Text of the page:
Hurricane Katrina was one of the worst natural disasters to hit the United States. No storm in history did more property damage and nearly two thousand people were killed. Of course when something like that happens there are going to be a lot of questions asked about what went wrong. The political consequences of Hurricane Katrina where pretty serious, although in the end they mainly resulted in a lot of finger pointing. Nevertheless some politicians did suffer as a result of Hurricane Katrina.
For the most part the political consequences of Hurricane Katrina involved a lot of criticism and finger pointing. There was a lot of blame to go around so everybody started to look for a scapegoat to take the blame for the damage that was done. Most of the blame for fell on Michael Brown the director of FEMA. He was the only top official to actually lose his job as a result of Hurricane Katrina. FEMA was heavily criticized for being too slow to respond and in some cases was actually accused of slowing down rescue operations. Although most people agree that FEMA did a poor job of responding to Katrina there is also a feeling that Michael Brown took the blame for a lot of the failures of other people and other agencies.
The other person to take a great deal of criticism for the response to Katrina was the former President of The United States, George W. Bush. The main criticism was that he was not putting enough of an effort or enough resources into the rescue effort. There was also a lot of criticism of the Department of Homeland Security for the amount of damage that was done. Making sure that the levees around New Orleans was a part of their responsibility. The belief was that they had focused so many of their resources on the threat of terrorism that they ignored other threats to the country.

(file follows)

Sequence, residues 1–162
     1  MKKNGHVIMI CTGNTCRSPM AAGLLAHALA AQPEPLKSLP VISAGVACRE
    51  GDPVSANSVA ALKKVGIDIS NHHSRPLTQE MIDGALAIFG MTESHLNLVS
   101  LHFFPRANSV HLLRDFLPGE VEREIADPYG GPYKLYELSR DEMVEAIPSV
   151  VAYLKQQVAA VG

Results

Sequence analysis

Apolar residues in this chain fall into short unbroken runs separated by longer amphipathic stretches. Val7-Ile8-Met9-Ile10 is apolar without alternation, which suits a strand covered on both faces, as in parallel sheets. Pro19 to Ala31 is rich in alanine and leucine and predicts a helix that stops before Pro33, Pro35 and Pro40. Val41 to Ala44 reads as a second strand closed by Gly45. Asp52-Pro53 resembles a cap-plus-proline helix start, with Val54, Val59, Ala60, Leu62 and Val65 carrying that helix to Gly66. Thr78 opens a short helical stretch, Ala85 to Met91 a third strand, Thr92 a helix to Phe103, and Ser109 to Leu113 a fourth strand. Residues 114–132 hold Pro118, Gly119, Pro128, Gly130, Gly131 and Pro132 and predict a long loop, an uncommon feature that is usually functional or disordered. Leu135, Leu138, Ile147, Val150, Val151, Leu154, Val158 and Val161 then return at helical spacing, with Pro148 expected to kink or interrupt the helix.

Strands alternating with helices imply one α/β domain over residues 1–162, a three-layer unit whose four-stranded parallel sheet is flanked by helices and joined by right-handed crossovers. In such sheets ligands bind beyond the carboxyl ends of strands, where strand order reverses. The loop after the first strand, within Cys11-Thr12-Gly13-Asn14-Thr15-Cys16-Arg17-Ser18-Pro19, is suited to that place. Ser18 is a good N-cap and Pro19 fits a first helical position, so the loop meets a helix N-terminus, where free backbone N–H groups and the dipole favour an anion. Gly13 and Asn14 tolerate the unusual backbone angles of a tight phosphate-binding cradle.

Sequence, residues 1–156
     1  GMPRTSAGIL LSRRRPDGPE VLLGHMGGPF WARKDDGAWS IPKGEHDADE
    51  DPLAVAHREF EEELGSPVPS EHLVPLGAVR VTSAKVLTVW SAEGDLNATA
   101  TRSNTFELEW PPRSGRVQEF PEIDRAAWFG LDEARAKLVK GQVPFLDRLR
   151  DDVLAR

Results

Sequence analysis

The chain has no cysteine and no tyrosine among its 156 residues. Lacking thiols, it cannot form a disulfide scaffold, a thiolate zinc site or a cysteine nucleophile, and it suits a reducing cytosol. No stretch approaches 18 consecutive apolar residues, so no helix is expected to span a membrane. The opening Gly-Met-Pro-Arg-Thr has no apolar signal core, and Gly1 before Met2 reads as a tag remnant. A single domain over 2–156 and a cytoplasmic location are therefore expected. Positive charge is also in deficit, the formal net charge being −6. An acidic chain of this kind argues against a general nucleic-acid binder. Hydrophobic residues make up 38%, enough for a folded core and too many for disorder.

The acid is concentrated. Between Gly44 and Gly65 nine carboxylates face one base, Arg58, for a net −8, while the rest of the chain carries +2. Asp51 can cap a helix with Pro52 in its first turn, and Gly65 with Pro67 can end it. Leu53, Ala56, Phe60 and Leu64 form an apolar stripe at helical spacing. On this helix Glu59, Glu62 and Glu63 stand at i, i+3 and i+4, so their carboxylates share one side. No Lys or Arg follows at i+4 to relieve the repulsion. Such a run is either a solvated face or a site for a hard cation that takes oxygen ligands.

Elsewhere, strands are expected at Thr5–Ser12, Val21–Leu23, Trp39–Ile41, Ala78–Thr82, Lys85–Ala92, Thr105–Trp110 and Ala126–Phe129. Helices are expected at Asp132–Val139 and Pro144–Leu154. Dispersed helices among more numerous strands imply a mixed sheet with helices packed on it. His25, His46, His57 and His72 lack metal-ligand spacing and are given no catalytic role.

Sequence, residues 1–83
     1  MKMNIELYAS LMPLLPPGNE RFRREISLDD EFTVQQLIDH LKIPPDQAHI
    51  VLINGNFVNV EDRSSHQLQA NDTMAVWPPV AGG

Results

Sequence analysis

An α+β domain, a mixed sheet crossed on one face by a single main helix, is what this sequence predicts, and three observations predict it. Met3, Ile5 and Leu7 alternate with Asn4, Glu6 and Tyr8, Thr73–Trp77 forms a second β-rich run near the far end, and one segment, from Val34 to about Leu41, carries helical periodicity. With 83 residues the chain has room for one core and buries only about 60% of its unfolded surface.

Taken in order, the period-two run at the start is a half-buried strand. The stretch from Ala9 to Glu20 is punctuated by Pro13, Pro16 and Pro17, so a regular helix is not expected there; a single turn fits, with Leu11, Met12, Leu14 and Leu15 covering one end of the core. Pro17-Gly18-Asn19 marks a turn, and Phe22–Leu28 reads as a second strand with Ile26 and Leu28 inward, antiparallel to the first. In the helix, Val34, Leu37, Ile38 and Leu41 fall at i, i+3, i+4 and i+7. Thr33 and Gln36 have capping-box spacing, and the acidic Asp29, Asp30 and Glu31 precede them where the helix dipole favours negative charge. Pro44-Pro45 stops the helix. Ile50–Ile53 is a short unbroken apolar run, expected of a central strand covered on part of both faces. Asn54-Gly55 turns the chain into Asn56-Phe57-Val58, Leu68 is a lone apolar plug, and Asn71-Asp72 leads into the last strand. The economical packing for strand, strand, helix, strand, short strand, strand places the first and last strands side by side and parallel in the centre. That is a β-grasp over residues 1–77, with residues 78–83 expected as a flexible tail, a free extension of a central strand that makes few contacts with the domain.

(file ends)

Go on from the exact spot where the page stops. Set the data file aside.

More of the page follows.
Also open to criticism was the local government of New Orleans. The main issue there was the failure to issue an evacuation order until it was too late. The meteorologists had predicted that the hurricane would hit New Orleans directly several days ahead of time. However because hurricanes often change direction city officials delayed issuing an evacuation order until they were sure that the storm would hit New Orleans. By this time it was far too late for most people to get out of town. When the evacuation did finally occur it was very disorganized, something that local officials were also criticized for.
Complicating the issue were the claims that the government’s response to Katrina was motivated by race and class issues. Most of the residents of New Orleans are black and or poor, the feeling was that the government wasn’t as concerned with their well being as they would have been if it had been white or wealthy citizens who had been affected. This led to a great deal more criticism of the government.